Florence, Clet acquitted: his Common Man is free

Clet Abraham, a well-known French street artist, was acquitted for his Common Man placed on the Ponte alle Grazie in Florence.

Clet Abraham (Brittany, 1966), a well-known French street artist who lives and works in Florence, has been acquitted for his Common Man: he will not have to pay the 10,000 euro fine for placing his work in the Tuscan capital.

In 2014, Clet had placedCommon Man, a metal and fiberglass silhouette stepping toward the void, on the Ponte alle Grazie, but after about a month it had been removed by police officers because it was unauthorized and the artist was fined. After some time, Clet had relocated the silhouette to the same spot where he had originally placed it, and, in 2016, the vigilantes removed it once again after vandals tried in vain to drop it into the Arno.

It was in May 2017 that he was sentenced to pay a fine of 10,400 euros on charges of placing a work without permission in a valuable area and thus making an illegal invasion of public space.
“People like that statue and I’m not going to stop,” Clet had said after the conviction by the Court of Florence.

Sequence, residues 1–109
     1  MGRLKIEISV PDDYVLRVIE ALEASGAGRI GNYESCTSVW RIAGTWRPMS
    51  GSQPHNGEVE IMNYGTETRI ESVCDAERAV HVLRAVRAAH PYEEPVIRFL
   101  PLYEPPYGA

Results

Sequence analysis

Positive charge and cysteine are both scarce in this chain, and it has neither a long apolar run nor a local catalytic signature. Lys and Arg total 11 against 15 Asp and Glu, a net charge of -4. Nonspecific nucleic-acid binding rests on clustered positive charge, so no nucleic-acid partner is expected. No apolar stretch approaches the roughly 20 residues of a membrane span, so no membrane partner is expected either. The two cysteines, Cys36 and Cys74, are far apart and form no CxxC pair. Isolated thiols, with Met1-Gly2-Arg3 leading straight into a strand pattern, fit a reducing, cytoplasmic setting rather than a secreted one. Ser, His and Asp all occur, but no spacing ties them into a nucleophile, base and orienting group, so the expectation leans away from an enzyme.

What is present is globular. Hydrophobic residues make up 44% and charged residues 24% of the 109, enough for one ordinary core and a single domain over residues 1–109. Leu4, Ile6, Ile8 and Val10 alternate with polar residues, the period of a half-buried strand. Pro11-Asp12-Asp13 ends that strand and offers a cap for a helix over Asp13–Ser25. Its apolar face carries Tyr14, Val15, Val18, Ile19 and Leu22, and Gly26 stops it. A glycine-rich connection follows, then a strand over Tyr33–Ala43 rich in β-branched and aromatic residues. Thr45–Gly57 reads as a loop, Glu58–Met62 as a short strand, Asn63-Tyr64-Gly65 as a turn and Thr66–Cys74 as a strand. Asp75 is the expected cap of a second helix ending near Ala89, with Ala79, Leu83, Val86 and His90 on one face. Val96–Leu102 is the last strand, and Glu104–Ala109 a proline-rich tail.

A few days ago, the artist wrote on his Facebook profile, "Next Thursday, March 5, there will be an appeal in the criminal trial against the sculpture theCommon Man for which I was sentenced in the first instance to more than 10,000 euros in fines. But Article 33 of the Italian Constitution says, “ART AND SCIENCE ARE FREE AND FREE IS THE TEACHING OF THEM.” If it is explicitly stated that art is free, will it then be implied that the rest of society is not free? Would it mean that as an artist I enjoy a “privilege”? Assuming that freedom is a privilege in this case, because being the only free one in a caged world is not necessarily a comfortable position. At the very least, this “privilege” also becomes a duty, that of preserving and promoting the concept of freedom, a bit like saving an endangered species[...] TheCommon Man, objectively, neither harms nor endangers anyone, he simply knows that, in an increasingly complex society, one solution would be to build on everyone’s sense of responsibility as well."

In a subsequent post, Clet announced, "I have been acquitted! TheCommon Man is free! I wanted to sincerely thank everyone who has always supported me."

Pictured is Clet’sCommon Man. Ph.Credit Clet

Florence, Clet acquitted: his Common Man is free
Florence, Clet acquitted: his Common Man is free

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